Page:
Quebec on track to recruit 1,000 international nurses

Launched in February 2022, the Quebec government’s project to recruit 1,000 nurses internationally is on track to become a reality.

If all goes according to schedule, the Ministry of Health and Social Services (MSSS) expects to launch phase four of its plan next fall.

According to recent data from the MSSS, candidates continued to arrive by the hundreds from Tunisia, Cameroon, Morocco, Algeria, Lebanon and Haiti, to name a few of the many French-speaking countries targeted by the operation.

But it will take a few more months to see the program’s impact on healthcare institutions.

Care professionals are recruited in their country of origin and hired by a health and social service center (CISSS/CIUSSS). Candidates must then take a French-language proficiency test and be evaluated by Quebec’s nurses’ order (OIIQ).

The OIIQ then issues a personalized training prescription for each candidate to accelerate their educational path.

Upon arriving in Quebec, the nurses familiarize themselves with the provincial health network through a program that lasts about a year. Finally, the new arrivals must then obtain their right to practice by passing the OIIQ nursing exam.

This means the first nurses recruited under the program won’t start working until the end of 2023.

According to MSSS data, phase one of the project brought in 205 people between September and November 2022. These professionals should be able to practice nursing in Quebec by the end of next fall.

The candidates selected during phase two will follow, with 240 people recruited between January and April 2023.

Then, another cohort of 202 recruits is expected for phase three between May and July of this year.

Finally, phase four has an estimated 377 nurses scheduled to begin training in the fall of 2023.

With such an influx of professionals ready to leave everything behind and work in Quebec, one might question if they’re aware of the current working conditions in Quebec healthcare institutions and the tensions between staff and management.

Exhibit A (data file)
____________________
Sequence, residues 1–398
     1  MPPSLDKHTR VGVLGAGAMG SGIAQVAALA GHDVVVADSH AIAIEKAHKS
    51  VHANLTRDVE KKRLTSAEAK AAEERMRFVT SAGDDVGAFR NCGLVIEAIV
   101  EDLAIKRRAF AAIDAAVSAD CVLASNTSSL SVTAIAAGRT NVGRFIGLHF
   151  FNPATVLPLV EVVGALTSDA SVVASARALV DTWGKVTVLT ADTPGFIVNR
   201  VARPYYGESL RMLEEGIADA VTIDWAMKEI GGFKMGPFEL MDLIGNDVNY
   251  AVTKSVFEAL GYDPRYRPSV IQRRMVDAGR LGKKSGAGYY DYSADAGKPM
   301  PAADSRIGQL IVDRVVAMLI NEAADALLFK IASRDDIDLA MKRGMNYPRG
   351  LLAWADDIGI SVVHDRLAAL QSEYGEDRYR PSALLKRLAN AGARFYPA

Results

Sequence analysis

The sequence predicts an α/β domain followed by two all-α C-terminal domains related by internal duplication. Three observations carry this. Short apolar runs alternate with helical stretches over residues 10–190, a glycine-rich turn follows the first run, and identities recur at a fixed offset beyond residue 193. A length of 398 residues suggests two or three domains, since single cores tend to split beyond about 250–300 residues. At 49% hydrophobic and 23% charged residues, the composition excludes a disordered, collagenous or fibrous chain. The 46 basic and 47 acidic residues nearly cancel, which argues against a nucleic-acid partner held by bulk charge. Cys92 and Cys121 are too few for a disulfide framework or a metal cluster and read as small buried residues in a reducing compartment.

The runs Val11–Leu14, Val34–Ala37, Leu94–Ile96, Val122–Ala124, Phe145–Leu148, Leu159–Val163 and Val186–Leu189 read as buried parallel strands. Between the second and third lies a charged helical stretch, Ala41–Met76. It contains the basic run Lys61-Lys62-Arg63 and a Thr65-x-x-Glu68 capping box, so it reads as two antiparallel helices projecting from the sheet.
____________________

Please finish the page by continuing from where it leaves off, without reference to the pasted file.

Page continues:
Two students in the Cégep de Valleyfield program told The Canadian Press the news had found its way to Cameroon, but said it didn’t scare them off.

“It didn’t worry me. I already have a family here,” said Emelda Tabot. “I have a cousin who works in healthcare as a nurse, so she was telling me how it was going. She told me, ‘If I can do it, you can do it too.'”

Tabot, who specializes in senior care, said that his cousin never tried to discourage him from coming; on the contrary.

“If anything, she encouraged me. She was even waiting for me at the airport,” added Tabot, who is working part-time as a beneficiary attendant in a long-term care home in addition to her studies.

For Etienne Ndzana, who worked in the operating room of a hospital in Yaoundé, the long hours are nothing new.

“We try to read what is happening elsewhere. We have information through social networks. We know that the hours are like that,” he said. “In Cameroon too, we have long hours. There are services where you can’t leave.”

Ndzana, who has about nine years of nursing experience, is optimistic. He described himself as someone passionate about care.

“I think when you love something, you don’t see time passing. I love medicine, and in caring for the human person, in giving them care, I don’t see time passing. Time doesn’t matter to you. It’s the disease or the pain you want to spare that matters much more.”

This report by The Canadian Press was first published in French on April 2, 2023.

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